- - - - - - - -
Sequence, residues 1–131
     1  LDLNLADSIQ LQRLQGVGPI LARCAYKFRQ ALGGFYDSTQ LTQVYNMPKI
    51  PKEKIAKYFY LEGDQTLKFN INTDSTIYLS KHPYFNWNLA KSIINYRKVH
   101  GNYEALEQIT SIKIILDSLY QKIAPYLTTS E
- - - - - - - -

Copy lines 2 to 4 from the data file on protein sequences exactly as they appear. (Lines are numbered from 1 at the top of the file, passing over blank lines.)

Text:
     1  LDLNLADSIQ LQRLQGVGPI LARCAYKFRQ ALGGFYDSTQ LTQVYNMPKI
    51  PKEKIAKYFY LEGDQTLKFN INTDSTIYLS KHPYFNWNLA KSIINYRKVH
   101  GNYEALEQIT SIKIILDSLY QKIAPYLTTS E